South Carolina is one of the hardest places in the U.S. for some businesses to find enough employees to work, a new study shows.
According to the latest WalletHub study, South Carolina has had the seventh highest percentage of job openings among the states in May. The study shows South Carolina’s rate of job openings was 8.3% in May, placing it just behind West Virginia at 8.4%.
Data from the U.S. Bureau of Labor Statistics was used to determine and rank the number of job openings for each state.
South Carolina’s hiring woes are part of the nationwide Great Resignation, which has been ongoing since the height of the COVID-19 pandemic.
During the pandemic, millions of Americans lost their jobs and experienced financial struggles because of unemployment. Now, it is employers who are struggling to fill jobs.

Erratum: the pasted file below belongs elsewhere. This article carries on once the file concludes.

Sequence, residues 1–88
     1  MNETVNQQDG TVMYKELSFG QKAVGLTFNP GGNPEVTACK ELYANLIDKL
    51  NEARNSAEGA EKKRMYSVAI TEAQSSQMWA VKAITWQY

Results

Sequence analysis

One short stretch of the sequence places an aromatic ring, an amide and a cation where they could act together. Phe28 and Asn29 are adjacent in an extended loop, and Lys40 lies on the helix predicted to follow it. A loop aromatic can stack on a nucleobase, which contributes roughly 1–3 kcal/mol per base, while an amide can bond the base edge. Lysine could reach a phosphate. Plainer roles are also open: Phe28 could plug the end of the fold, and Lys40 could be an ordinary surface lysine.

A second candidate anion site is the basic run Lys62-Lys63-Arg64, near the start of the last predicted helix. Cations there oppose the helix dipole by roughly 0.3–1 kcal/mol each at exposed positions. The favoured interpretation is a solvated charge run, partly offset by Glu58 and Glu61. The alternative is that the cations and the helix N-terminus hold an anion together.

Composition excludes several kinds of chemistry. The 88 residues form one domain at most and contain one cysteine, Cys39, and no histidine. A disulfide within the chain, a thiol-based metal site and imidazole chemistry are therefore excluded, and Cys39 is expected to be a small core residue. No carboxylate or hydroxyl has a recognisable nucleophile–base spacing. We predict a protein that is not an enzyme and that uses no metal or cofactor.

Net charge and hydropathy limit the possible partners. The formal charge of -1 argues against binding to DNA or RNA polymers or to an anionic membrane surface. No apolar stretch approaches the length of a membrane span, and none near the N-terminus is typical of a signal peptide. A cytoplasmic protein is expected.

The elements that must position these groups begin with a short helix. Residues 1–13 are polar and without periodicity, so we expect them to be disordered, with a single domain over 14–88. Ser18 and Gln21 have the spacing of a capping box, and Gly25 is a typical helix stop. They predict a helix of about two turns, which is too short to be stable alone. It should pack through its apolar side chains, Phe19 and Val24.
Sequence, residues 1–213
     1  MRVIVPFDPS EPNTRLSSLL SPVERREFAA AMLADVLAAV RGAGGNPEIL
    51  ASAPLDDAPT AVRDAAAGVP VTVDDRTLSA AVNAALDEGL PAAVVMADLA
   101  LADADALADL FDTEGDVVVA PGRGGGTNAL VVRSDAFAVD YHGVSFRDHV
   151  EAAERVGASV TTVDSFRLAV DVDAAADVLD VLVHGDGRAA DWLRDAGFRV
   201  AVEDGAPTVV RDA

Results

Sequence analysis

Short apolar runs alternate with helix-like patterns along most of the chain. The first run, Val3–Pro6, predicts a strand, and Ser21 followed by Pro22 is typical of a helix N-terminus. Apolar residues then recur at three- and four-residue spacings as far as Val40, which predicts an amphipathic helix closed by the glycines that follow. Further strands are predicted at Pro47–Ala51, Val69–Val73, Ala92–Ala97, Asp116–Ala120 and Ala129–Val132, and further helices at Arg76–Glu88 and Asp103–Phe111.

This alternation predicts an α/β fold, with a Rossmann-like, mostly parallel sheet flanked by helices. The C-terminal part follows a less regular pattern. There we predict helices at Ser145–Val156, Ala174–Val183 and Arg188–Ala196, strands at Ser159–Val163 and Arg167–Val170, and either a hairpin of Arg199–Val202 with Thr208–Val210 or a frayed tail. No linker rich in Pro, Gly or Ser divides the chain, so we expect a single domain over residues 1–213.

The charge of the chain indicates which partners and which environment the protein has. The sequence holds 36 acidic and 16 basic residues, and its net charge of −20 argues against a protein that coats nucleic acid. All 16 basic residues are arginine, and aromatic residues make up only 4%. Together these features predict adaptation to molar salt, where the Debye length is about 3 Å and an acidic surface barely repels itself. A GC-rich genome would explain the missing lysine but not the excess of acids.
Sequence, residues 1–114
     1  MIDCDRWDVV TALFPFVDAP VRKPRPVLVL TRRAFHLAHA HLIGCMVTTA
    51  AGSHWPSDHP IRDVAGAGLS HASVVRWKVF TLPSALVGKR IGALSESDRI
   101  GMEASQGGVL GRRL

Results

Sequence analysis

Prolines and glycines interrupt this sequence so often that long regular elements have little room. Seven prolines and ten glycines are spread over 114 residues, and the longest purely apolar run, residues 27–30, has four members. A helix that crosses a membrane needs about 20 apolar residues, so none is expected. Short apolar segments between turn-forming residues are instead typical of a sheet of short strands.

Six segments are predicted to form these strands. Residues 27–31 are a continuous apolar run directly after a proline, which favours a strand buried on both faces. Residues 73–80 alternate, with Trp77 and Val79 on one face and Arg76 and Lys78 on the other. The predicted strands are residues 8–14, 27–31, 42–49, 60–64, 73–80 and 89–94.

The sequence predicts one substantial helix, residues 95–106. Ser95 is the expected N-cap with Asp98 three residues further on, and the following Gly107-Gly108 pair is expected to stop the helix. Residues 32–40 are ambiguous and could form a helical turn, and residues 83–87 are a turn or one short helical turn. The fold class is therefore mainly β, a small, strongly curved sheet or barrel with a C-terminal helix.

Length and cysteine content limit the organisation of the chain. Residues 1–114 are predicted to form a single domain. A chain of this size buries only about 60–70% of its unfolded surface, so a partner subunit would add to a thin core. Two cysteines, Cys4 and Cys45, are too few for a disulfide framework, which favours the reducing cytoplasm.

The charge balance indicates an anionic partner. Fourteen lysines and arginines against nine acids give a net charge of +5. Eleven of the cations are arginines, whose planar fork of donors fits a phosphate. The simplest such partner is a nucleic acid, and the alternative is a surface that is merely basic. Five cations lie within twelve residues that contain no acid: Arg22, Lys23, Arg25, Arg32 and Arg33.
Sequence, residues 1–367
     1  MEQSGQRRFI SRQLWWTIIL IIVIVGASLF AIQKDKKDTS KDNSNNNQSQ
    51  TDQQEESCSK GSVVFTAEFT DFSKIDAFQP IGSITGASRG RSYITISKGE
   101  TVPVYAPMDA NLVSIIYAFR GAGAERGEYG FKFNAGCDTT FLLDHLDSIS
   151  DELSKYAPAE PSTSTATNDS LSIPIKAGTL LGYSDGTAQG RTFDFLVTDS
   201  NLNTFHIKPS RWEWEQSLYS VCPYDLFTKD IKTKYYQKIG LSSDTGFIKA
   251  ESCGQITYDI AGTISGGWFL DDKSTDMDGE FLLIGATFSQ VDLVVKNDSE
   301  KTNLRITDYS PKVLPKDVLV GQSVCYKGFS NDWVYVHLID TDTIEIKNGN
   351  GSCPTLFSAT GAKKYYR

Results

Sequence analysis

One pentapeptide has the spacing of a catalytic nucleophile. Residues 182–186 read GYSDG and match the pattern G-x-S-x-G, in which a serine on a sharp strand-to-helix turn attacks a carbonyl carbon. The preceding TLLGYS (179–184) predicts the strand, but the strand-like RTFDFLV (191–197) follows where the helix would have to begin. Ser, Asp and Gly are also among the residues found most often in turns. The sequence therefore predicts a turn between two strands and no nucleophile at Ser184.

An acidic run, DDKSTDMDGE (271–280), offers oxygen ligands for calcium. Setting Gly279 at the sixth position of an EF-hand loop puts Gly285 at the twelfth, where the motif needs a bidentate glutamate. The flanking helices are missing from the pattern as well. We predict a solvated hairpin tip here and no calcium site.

Miren Ivankovic, adjunct professor of economics at Clemson University, said there have been several reasons why businesses in states like South Carolina have had trouble filling positions.
“Simply put, there is a mismatch in the supply of labor and demand for labor based on set of skills,” Ivankovic said. “For example, South Carolina needs automakers and plane makers, but if the available pool of labor does not have these skills, there is a shortage of labor.”
Ivankovic said another reason for the hiring issues is not so much that people won’t work, but that they found different jobs.
“Some individuals realized that the labor market is “hot” and they can get a better deal somewhere else,” he said. “This is called frictional unemployment since they resign and then shop for a better job.”
Ivankovic noted that the shortage of labor will cause an upward pressure on wages, which, while would be welcomed by the labor force, might not be as good as it sounds right now.
“Increasing wages during current inflationary times is not a welcomed event,” he said. “This can accelerate current inflation and practically reduce real incomes.”
Here are the 10 states that have the highest percentage of job openings for May.
West Virginia: 8.4%
South Carolina: 8.3%